Having dug around the models and data structures a bit I am wondering if some of some of these constructs are not Mailman constructs but Postorius constructs, which is to say, third party application level contstructs rather than Mailman core constructs.
Specifically the ones you refer to “domain administrator” and “mailman administrator” don’t seem to be represented in the Mailman core code. Perhaps I’m wrong of course, I’ve just done a little ham fisted glancing over the code but so far I can’t see how a user would get to become “domain administrator” or “mailman administrator”.
Which is fine of course - no problem with these being application level constructs - I’m just trying to understand because I’m writing some authorisation code and I need to know how to authorise a user to the correct level of their privilege.
On 24 Jan 2015, at 11:31 pm, Sumana Harihareswara email@example.com wrote:
On 01/24/2015 12:05 AM, Andrew Stuart wrote:
you can have users with site privileges
I had a look at the data model but couldn’t see this. Would you mind please pointing me in the direction of where user site privilege information is stored?
I can see that there is the concept of “Rosters” but rosters seem to apply to lists and not at a higher level i.e. as far as I can see there’s no way to apply a roster to the system rather than to a list.
The main thing I’m looking for is whether there is an authorisation concept that operates at a higher level than the list.
I wonder is there the concept of some sort of “special” mailing list that is different or hidden or privileged in some way? There is a reference in the documentation to a “site list” but I coudn’t find much more about it. If there is a “special” list then maybe site wide user priveleges can be stored against it.
I can see there is a site_owner in the Mailman config file although this just seems to be an email address to get bounces in certain circumstances, is it used for anything?
On 24 Jan 2015, at 3:13 pm, Terri Oda firstname.lastname@example.org wrote:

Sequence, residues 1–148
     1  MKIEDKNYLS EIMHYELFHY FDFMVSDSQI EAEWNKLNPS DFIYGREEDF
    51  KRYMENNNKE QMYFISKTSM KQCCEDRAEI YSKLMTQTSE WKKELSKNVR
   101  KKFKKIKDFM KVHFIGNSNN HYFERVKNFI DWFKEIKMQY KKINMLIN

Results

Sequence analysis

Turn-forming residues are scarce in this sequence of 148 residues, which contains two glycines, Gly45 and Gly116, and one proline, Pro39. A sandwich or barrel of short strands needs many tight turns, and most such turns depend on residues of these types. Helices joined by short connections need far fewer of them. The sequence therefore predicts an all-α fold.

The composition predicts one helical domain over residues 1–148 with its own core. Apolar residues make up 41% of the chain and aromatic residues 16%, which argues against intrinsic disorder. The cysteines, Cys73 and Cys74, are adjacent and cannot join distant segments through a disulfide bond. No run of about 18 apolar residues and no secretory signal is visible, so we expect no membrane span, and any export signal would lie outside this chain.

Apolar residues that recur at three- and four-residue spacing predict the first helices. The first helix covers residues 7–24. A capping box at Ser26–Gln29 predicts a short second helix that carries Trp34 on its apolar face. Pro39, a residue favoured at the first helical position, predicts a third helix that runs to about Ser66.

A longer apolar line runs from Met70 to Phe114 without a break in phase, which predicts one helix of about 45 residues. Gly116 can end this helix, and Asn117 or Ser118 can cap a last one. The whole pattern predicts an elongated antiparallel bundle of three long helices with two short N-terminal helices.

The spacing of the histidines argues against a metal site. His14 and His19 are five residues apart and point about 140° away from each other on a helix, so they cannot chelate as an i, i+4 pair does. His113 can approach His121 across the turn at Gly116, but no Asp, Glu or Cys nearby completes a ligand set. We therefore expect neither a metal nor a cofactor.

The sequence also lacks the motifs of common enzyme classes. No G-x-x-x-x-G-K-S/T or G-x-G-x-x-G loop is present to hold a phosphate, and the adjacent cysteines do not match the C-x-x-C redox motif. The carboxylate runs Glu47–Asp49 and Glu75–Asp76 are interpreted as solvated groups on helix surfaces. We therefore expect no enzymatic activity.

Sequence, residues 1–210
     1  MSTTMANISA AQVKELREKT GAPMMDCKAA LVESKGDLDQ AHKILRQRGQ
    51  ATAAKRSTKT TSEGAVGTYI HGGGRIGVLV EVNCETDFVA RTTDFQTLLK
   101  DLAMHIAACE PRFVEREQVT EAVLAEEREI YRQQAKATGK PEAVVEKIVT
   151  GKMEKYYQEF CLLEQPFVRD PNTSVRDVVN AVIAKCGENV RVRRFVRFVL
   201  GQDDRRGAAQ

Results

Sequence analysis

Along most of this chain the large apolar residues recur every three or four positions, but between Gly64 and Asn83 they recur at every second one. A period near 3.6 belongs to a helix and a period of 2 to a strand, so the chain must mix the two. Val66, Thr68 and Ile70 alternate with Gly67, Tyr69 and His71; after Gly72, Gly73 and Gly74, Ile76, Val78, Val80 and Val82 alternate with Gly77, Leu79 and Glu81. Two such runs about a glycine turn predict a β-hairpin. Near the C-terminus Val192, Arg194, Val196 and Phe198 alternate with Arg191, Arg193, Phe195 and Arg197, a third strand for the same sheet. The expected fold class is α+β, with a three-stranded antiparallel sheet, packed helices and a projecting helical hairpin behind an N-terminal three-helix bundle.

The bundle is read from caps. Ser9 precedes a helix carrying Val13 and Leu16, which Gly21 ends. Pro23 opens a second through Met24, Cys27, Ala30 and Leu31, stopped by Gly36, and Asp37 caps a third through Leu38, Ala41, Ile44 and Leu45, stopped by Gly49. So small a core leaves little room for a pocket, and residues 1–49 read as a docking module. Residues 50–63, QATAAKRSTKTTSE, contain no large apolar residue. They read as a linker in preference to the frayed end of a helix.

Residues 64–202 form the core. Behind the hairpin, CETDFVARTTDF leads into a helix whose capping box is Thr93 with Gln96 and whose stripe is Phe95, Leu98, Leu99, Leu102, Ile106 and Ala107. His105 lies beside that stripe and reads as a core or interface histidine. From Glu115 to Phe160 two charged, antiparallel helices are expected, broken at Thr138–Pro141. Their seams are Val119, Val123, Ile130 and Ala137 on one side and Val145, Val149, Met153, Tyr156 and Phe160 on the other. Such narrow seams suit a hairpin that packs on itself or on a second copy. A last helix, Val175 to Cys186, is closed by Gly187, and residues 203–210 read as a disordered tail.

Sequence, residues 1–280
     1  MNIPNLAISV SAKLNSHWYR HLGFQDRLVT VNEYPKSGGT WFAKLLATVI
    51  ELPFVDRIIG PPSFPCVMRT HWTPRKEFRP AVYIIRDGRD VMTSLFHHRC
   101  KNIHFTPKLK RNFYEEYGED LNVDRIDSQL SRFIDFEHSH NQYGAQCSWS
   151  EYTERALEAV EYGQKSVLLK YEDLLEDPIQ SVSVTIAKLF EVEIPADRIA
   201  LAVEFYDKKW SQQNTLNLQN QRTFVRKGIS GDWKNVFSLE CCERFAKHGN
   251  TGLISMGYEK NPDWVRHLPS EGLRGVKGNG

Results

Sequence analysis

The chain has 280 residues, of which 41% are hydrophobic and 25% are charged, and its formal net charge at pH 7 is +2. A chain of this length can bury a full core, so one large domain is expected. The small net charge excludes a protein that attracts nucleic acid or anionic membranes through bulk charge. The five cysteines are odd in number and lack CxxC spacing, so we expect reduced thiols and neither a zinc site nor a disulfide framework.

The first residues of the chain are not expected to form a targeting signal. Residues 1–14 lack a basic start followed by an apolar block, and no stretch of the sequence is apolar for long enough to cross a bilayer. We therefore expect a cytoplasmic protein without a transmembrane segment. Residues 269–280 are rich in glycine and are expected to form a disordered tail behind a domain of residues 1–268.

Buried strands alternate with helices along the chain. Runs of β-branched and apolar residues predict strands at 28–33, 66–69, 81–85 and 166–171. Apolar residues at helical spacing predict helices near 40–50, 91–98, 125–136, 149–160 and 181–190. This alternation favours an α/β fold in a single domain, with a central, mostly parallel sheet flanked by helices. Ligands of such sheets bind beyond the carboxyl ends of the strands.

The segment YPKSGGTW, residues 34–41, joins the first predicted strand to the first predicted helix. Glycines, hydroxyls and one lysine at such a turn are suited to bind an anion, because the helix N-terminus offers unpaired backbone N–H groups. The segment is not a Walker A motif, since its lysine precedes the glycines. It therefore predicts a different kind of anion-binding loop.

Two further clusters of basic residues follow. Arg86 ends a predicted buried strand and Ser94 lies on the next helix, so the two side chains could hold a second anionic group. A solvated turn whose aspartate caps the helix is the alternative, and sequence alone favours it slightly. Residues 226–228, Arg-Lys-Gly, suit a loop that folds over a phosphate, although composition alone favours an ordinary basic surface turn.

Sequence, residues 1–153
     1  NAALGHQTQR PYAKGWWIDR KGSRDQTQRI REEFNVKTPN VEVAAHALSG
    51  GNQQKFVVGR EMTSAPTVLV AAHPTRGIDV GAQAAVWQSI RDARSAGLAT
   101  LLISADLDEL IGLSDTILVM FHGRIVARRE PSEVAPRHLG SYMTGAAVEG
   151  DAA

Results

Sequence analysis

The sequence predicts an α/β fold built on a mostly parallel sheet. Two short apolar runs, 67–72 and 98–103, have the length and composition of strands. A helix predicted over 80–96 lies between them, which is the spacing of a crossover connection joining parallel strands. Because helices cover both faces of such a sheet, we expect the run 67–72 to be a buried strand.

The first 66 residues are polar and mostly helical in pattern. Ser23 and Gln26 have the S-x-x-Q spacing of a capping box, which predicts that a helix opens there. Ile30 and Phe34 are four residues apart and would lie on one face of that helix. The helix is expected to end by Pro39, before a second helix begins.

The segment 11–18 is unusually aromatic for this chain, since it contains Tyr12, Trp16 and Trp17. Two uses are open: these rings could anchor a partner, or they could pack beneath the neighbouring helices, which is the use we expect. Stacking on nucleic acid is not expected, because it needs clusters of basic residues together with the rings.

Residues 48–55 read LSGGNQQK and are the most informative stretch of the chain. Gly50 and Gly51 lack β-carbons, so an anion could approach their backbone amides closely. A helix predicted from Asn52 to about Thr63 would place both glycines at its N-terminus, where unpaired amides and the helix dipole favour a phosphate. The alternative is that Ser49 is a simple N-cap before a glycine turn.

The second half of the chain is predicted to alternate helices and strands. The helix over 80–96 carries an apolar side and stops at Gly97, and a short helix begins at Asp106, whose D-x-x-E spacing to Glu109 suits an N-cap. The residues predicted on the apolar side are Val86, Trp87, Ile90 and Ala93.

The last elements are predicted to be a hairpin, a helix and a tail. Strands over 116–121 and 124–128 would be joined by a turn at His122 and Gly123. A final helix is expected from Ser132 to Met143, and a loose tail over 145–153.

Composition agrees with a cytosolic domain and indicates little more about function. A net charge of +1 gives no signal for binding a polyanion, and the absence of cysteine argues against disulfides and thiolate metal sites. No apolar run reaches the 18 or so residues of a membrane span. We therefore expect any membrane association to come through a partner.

On 2015-01-23, 7:12 PM, Andrew Stuart wrote:
Is this defined in any way?
Is there any concept that a given Mailman user has “site admin rights”?
Or is the concept of the “site administrator” not realised in the application and just considered to be someone with operating system level access to the system that Mailman is running on?
In Mailman 2, there's no admin "users" in a typical sense but the site administrator is someone who knows the global password for a site and/or has shell access. The global password lets you log in as an admin to any list, and depending on your settings may let you do things like create and delete lists. And yes, it's really just one shared password
In Mailman 3 there's a much more nuanced user system and you can have users with site privileges (and there's no longer a need to share passwords).
Just yesterday I spoke with Barry and straightened out my own understanding of the privilege levels within Mailman. Here's the hierarchy as I understand it (the first level has the most power and each successive level has less power):
site administrator - has command-line (shell) access to the machine. (The website's system administrator, usually.) Has ultimate power! Can invoke "mailman stop", for instance, to stop mailman services.
Mailman administrator - does not have command line access to the machine, but can use the web interface to change everything within the Mailman installation on that site (that is, can do anything Postorius lets you!). Can create, change, and delete domains, lists, users, and so on.
domain administrator - Any given list belongs to 1 and only 1 domain, which correlates to an actual internet domain name, such as mozilla.org. A domain administrator can create, change/administer, and delete lists. If you set up multiple domains, you can, e.g., have one domain administrator who has power over the lists at the 70 lists at example.com, and another domain administrator for the 40 lists at example.org.
list administrator - can change list settings such as preferred language, digest threshold, footer, etc., and moderate messages, manage users, etc.
list moderator - cannot change the list's settings as a list administrator could, but can allow/reject messages on moderated lists or that trip certain rules, approve subscriptions, ban users, etc.
user - can change their own user preferences
I do not know where all this is laid out in the code, though. And I am totally willing to be told I have gotten the nomenclature wrong!
Sumana Harihareswara http://brainwane.net